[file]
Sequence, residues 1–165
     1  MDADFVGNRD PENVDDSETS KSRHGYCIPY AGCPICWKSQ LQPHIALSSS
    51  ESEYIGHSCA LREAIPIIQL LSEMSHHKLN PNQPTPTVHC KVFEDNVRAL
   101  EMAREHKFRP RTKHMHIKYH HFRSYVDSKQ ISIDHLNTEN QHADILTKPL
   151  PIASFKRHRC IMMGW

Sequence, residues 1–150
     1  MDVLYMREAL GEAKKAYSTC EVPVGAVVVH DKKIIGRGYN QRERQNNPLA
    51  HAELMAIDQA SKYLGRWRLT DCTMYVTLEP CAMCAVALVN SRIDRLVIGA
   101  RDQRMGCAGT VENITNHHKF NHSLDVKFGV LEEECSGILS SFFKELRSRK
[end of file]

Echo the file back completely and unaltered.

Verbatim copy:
Sequence, residues 1–165
     1  MDADFVGNRD PENVDDSETS KSRHGYCIPY AGCPICWKSQ LQPHIALSSS
    51  ESEYIGHSCA LREAIPIIQL LSEMSHHKLN PNQPTPTVHC KVFEDNVRAL
   101  EMAREHKFRP RTKHMHIKYH HFRSYVDSKQ ISIDHLNTEN QHADILTKPL
   151  PIASFKRHRC IMMGW

Sequence, residues 1–150
     1  MDVLYMREAL GEAKKAYSTC EVPVGAVVVH DKKIIGRGYN QRERQNNPLA
    51  HAELMAIDQA SKYLGRWRLT DCTMYVTLEP CAMCAVALVN SRIDRLVIGA
   101  RDQRMGCAGT VENITNHHKF NHSLDVKFGV LEEECSGILS SFFKELRSRK